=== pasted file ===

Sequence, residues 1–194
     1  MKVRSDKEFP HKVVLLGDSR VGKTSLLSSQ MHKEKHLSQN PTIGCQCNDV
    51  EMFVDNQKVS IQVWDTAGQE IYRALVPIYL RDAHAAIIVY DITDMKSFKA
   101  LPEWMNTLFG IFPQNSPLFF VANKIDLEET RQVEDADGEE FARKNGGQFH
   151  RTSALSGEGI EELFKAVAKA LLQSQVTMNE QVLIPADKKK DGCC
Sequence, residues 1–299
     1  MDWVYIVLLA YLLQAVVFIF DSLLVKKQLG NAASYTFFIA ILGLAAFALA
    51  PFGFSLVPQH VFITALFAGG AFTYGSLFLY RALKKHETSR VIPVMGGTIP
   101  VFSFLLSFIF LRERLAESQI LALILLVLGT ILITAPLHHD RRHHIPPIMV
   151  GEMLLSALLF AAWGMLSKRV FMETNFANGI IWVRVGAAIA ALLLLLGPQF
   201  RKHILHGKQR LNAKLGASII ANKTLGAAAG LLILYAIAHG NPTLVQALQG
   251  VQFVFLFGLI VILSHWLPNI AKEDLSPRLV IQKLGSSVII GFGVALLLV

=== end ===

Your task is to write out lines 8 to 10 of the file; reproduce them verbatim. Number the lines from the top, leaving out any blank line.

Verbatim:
    51  PFGFSLVPQH VFITALFAGG AFTYGSLFLY RALKKHETSR VIPVMGGTIP
   101  VFSFLLSFIF LRERLAESQI LALILLVLGT ILITAPLHHD RRHHIPPIMV
   151  GEMLLSALLF AAWGMLSKRV FMETNFANGI IWVRVGAAIA ALLLLLGPQF